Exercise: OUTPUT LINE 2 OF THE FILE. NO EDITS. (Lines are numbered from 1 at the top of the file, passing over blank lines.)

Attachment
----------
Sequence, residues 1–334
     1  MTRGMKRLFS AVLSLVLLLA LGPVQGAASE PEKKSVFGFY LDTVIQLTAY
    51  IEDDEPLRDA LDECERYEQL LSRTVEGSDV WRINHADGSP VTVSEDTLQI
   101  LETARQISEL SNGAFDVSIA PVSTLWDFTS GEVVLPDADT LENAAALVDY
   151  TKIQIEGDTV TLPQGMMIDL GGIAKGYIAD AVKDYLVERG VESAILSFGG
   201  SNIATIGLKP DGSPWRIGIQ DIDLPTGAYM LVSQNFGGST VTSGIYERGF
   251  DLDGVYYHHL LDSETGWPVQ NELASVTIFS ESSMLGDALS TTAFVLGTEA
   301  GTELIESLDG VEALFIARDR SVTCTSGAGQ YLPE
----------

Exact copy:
     1  MTRGMKRLFS AVLSLVLLLA LGPVQGAASE PEKKSVFGFY LDTVIQLTAY